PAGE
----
By: Lauren Vincent, Class of 2023
Milkweed is a native Illinois perennial plant that serves a unique role in our backyard ecosystems and across the country. This plant is the only host for Monarch butterflies (Danaus plexippus) making it critical for their survival. With progressive urbanization and habitat loss, milkweed distribution has plummeted, bringing the monarch populations down with it.
As students prepare for the second half of this spring semester, the Wildlife Medical Clinic is undergoing some big personnel changes. Third year students are moving onto their 4th (and final) year of the veterinary medicine curriculum and will no longer be volunteering at the WMC. One of these students is our senior Student Manager, Erica Bender. She’s mentored hundreds of students over her two years managing every aspect of the clinic’s operations. Over the next year, she will be completing several externships to hone her skills as a veterinarian. We interviewed Erica about her time at the WMC and learned about what the future has in store for her!
Erica has worked with large and small patients! This is one of the larger patients she’s worked with – a snapping turtle!
On behalf of the clinic’s students all the patients you’ve helped over the years, THANK YOU ERICA!
Where are you from?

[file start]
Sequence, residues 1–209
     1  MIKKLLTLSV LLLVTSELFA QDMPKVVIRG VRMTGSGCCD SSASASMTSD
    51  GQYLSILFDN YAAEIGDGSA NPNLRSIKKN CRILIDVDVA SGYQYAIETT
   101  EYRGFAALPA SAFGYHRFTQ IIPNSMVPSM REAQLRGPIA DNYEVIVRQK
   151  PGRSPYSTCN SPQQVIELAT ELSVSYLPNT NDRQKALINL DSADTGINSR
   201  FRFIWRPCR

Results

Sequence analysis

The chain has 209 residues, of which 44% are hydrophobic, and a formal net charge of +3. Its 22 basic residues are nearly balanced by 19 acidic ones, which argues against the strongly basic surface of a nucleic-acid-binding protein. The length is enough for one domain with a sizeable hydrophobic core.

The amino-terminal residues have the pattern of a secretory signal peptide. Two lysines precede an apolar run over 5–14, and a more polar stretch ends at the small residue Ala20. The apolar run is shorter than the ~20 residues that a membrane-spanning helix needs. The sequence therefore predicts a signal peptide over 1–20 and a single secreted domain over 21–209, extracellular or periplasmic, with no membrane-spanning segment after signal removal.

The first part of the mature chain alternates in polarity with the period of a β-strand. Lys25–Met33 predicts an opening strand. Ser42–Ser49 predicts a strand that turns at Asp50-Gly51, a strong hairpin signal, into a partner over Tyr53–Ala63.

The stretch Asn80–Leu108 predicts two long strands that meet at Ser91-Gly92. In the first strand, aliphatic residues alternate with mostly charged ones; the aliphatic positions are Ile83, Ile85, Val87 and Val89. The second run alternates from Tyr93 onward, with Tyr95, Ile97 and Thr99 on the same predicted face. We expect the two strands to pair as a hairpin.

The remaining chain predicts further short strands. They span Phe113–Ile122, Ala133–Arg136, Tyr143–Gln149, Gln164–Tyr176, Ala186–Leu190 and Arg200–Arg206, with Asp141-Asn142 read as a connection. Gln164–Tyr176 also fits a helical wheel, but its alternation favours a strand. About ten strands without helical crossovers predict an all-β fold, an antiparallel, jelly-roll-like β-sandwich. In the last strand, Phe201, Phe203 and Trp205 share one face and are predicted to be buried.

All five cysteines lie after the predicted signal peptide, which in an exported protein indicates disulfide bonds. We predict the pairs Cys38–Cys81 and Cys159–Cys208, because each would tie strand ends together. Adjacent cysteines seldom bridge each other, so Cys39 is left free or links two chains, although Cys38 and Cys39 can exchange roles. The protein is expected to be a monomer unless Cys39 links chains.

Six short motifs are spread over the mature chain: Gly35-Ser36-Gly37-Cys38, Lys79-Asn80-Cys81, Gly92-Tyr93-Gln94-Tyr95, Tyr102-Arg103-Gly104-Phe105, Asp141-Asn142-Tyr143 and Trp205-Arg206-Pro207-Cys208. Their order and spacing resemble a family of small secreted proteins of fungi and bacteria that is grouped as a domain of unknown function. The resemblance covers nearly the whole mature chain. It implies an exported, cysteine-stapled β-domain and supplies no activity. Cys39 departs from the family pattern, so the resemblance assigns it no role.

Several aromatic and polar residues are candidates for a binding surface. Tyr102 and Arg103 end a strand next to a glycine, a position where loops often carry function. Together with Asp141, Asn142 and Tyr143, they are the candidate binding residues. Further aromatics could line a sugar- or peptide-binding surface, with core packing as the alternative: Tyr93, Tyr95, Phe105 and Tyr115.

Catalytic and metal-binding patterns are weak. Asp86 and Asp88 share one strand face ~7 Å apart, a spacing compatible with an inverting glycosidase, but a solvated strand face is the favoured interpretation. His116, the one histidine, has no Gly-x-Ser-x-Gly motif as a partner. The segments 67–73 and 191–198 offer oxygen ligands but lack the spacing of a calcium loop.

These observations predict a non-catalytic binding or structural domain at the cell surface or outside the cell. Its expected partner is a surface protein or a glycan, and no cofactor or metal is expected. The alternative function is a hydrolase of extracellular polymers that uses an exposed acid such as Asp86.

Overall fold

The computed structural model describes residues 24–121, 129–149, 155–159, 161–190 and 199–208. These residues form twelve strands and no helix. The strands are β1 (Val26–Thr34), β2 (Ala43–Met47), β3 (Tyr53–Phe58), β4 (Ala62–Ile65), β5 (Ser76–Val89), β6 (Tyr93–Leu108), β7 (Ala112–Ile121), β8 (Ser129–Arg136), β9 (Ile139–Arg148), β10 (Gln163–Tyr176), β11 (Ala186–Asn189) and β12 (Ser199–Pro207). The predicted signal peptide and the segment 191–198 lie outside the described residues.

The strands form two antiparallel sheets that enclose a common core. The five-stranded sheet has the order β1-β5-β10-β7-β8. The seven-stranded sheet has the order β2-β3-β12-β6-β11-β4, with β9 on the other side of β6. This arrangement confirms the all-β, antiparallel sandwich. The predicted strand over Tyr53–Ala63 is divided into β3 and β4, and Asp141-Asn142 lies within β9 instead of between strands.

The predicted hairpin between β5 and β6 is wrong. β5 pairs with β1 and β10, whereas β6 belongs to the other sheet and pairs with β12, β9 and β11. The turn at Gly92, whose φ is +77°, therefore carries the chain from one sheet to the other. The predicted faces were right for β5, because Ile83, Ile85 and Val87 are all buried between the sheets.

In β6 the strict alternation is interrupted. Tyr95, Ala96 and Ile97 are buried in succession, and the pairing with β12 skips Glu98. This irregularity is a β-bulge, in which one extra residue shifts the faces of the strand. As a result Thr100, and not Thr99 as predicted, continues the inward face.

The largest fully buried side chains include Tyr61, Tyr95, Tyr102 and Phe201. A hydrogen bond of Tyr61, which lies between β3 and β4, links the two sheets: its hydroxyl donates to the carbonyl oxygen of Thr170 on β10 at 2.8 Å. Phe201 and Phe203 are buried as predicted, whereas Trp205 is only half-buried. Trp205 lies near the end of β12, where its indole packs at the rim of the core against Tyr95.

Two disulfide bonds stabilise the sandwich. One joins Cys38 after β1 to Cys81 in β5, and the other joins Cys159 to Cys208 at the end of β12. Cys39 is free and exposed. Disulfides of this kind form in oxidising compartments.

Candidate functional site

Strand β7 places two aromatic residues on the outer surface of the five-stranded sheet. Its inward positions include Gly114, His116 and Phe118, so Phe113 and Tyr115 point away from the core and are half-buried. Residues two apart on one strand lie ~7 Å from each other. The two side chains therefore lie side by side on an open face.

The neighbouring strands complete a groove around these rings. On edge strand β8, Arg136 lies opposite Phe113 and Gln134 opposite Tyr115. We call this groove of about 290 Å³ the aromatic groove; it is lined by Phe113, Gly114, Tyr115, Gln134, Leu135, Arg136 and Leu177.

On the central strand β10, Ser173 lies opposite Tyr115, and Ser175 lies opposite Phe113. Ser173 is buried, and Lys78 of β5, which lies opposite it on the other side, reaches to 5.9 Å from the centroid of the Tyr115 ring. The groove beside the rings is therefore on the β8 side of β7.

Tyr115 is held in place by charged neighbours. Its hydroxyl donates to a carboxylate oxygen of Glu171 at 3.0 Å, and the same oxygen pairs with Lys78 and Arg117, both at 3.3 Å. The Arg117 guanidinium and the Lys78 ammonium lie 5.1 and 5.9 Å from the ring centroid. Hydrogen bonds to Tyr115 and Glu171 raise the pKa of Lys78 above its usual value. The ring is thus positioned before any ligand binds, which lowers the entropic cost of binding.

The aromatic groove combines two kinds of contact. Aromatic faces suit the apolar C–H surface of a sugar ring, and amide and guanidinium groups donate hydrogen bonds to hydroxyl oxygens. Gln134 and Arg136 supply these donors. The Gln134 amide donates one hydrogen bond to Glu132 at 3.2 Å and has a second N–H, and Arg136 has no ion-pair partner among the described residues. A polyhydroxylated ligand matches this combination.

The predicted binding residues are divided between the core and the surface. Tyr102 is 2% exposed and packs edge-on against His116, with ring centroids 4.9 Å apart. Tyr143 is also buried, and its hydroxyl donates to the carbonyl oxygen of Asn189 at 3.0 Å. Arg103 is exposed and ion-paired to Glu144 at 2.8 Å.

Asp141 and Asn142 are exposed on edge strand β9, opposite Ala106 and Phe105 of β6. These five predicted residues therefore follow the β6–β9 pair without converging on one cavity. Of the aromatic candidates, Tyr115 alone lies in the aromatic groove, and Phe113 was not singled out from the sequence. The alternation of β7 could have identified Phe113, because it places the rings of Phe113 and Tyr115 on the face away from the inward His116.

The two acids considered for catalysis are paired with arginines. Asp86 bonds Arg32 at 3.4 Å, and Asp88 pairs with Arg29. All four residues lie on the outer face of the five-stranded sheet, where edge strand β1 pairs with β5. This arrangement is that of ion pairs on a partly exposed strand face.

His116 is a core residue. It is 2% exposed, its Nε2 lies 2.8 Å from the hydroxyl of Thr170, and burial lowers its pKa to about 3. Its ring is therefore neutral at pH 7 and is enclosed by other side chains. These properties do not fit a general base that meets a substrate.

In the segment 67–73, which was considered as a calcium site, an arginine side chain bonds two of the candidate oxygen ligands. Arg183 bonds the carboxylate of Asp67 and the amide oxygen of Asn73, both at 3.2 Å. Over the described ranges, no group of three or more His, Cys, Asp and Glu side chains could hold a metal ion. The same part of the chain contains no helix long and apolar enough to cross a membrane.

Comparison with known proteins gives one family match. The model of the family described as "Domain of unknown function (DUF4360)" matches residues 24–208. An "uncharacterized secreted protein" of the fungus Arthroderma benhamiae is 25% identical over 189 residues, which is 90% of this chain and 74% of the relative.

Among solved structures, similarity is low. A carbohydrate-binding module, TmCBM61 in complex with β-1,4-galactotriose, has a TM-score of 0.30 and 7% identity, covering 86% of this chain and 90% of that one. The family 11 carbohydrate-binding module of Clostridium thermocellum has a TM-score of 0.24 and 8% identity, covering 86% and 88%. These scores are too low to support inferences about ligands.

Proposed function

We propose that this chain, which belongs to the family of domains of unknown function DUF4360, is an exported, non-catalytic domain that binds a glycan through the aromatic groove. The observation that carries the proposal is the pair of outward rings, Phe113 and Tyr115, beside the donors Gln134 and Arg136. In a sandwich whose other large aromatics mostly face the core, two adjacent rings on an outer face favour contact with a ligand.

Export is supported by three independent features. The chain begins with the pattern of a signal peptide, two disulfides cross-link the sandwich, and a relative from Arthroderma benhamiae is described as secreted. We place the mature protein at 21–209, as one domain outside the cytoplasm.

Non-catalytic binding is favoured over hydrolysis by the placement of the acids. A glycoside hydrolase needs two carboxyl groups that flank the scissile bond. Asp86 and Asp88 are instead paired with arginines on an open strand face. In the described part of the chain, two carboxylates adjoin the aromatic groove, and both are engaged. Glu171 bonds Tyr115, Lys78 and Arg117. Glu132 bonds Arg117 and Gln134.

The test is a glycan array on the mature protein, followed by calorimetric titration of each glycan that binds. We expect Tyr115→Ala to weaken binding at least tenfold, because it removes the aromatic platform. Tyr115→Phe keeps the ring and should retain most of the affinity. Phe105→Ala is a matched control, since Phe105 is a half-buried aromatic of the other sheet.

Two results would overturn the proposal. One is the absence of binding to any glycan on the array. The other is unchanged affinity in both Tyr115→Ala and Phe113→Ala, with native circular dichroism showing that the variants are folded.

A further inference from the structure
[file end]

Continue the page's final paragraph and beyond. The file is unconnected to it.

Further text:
I’m from the San Francisco Bay area in California.
Where did you go to undergrad?
I studied Biological Anthropology at UC San Diego. I like to joke that my major was mostly monkeys.
What initially sparked your interest in wildlife medicine? Continue reading
It can be easy to take our local wildlife for granted and have them blend into the scenery of our everyday lives. At the Wildlife Medical Clinic, we’re thankful we get to work with wildlife to treat their medical conditions and help relieve their pain. Here’s a list of 4 reasons we are thankful for our local wildlife, as some inspiration for what we do!
They’re masters at recycling
We appreciate how resourceful wild animals are! Birds and squirrels use twigs and fallen leaves to build their nests. Snakes take advantage of fallen logs and rocks to hide from predators. Opossums and raccoons are there to clean up fallen fruits. Carrion birds like turkey vultures and scavengers also play a role in keeping the environment clean, not letting anything go to waste. Continue reading